One Path BS5 is a collaborative design project for the Bristol and Bath Railway Path. It seeks to address issues that sometimes arise on the very busy 1.5 mile stretch of the traffic-free path between Clay Bottom and Trinity Street.
Latest project news: January 2022
Work will commence on Monday 31 January 2022.
The busy stretch of Bristol and Bath Railway Path between Trinity Street and Clay Bottom will be upgraded in sections over the coming months.
Once complete, improvements will make the space safer and more accessible for everyone.
Completion is expected in the summer of 2022.
There will be intermittent closures to allow for the series of works and installations to take place.
Where sections of the path are closed, diversions via adjacent streets will be signposted.
These will guide people from one end of a closure to the other.
Closed sections will be reopened when it is safe to do so but in some cases sections may close again at a later date to allow for the completion of works.
The contractor will minimise the impact on path users and neighbours as much as possible throughout this time but please allow extra time for your journeys.
Location: Lawrence Hill, from the access point at Lawrence Hill A420/Church Road to access point at Russell Town Avenue.
Date: From Monday 31 January for approximately four weeks.
It is expected that this section will initially need to be closed 24/7 due to the nature of the works but if possible the closure will be lifted outside of working hours and/or at weekends.
Diversion: The signposted diversion follows the path adjacent to Lawrence Hill Roundabout, onto Easton Road to the Easton Community Centre where it re-joins the railway path.
- This diversion requires on-road cycling.
- The Brixton Road access point falls within the closed section and is not signposted to the diversion route.
- For the first two weeks of the closure, the section of railway path linking Russell Town Avenue with Easton Community Centre will remain open for access. Users will be directed on or off the path at Easton Community Centre for the diversion.
Map data © OpenStreetMap contributers. Microsoft, Esri Community Maps contributors. Map layer by Esri.
For the second two weeks of the above, an additional closure will be in place between Russell Town Avenue and Easton Community Centre.
This will result in the Railway Path being closed between the access point at Lawrence Hill A420/Church Road and the access point at Easton Community Centre.
Check back here for more updates on closures and diversions as the works progress.
Frequently asked questions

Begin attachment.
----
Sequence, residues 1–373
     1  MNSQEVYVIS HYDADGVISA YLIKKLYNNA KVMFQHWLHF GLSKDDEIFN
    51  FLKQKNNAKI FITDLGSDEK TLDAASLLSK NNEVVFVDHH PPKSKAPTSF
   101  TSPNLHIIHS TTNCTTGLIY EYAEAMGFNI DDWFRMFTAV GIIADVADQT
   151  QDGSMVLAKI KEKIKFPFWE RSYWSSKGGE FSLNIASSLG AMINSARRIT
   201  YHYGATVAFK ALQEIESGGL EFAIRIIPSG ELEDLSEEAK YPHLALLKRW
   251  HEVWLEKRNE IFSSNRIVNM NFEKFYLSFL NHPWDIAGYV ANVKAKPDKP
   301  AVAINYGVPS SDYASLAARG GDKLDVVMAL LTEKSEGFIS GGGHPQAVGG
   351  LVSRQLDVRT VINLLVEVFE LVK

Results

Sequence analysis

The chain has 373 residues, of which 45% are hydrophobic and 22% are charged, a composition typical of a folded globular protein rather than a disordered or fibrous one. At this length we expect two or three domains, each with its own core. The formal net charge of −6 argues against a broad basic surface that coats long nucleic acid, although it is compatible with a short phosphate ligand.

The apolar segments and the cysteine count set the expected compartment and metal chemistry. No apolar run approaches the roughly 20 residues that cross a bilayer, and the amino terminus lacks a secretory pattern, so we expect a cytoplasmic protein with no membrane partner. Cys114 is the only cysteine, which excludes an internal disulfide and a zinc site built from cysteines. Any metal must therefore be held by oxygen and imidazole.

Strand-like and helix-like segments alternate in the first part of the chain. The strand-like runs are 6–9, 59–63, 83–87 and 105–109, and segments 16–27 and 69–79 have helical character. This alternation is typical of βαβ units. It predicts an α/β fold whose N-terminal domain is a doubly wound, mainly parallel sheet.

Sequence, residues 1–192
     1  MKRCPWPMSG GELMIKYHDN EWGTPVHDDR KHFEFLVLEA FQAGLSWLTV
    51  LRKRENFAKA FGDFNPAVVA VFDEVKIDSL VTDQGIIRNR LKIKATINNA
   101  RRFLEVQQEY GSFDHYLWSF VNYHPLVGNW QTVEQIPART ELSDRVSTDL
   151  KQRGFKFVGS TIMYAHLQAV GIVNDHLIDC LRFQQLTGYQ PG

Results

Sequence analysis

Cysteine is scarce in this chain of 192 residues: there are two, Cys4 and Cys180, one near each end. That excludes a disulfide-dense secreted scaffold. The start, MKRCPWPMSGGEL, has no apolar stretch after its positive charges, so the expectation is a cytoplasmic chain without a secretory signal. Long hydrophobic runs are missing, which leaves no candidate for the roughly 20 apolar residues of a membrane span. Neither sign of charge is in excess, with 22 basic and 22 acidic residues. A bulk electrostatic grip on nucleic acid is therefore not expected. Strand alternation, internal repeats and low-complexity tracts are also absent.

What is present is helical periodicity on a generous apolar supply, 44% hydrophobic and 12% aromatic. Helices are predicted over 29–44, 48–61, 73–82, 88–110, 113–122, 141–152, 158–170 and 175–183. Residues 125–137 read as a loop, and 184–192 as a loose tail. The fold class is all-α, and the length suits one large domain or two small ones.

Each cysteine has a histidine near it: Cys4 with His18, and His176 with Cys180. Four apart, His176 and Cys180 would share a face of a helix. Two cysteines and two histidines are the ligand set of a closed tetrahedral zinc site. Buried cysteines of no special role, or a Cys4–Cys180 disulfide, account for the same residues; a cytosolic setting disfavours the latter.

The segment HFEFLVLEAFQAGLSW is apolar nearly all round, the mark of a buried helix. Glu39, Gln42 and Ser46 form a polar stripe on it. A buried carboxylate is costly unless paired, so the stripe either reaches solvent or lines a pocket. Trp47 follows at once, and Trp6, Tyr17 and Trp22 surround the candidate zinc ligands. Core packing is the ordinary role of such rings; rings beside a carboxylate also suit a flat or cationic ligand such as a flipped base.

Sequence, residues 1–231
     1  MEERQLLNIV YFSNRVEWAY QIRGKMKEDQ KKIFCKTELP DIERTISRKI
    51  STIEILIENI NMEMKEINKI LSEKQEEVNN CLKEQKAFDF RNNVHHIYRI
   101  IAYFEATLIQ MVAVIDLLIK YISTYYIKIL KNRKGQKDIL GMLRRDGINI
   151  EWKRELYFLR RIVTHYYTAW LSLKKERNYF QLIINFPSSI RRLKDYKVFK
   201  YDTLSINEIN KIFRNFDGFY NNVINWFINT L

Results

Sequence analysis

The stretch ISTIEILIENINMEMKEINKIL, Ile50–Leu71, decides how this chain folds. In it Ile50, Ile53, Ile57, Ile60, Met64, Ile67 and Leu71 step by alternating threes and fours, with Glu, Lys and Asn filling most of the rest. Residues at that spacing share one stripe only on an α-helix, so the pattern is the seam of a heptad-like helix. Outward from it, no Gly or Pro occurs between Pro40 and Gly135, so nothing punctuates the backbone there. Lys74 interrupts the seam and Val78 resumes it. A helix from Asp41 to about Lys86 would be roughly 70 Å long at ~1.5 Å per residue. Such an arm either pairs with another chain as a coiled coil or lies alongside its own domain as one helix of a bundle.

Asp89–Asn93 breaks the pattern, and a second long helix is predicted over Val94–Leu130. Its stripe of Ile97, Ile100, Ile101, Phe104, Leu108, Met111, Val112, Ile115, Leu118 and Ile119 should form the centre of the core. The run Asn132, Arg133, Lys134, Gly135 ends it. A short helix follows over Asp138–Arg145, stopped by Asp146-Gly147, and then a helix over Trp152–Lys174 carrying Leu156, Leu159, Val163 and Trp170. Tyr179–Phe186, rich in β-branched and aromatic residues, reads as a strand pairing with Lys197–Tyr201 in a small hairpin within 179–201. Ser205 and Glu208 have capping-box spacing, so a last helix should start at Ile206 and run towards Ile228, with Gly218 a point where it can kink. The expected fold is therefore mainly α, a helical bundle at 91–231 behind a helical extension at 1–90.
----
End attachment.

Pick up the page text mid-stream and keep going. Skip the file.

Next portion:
Why does the path need to be closed?
Due to the restricted width available and the nature of the works, it is not possible to do most of the construction work safely with the path open.
Will the path be open at the weekends and outside of working hours?
The contractor will do their best to open sections whenever possible but unfortunately for safety reasons, it often won’t be possible to re-open sections outside of working hours or at weekends.
Can I still use Newtown Park when that section of path is closed?
Yes. Though the stretch of path adjacent to Newtown Park will be closed, along with the compound area, the park will remain open throughout.
What signs will go up on the upgraded path?
We are in the process of evaluating the Left is Best trial. The outcome will inform the permanent signs that will be installed on this stretch. We will share the results soon.
What will the finished path look like?
Take a look at the path designs below.
More about the One Path: BS5 project
The Bristol and Bath Railway Path has been meeting the needs of the local BS5 community for over 40 years.
It provides a much-loved inner-city green space to enjoy, travel, rest, socialise and reflect in.
In recent years, the popularity of the path has led to issues of conflict between some path users.
Some people have been put off using the path as it’s not felt accessible to them.
In this project, Sustrans has been working in partnership with Bristol City Council and the communities who use and live near the railway path to find solutions.
The project is funded by the Department for Transport through our Paths For Everyone programme.
Through a series of workshops, surveys, online and in-person sessions, we worked with different communities to design the solutions required between Clay Bottom and Trinity Street.
The aim of this project is to make the path a safer more inclusive space where no one is excluded.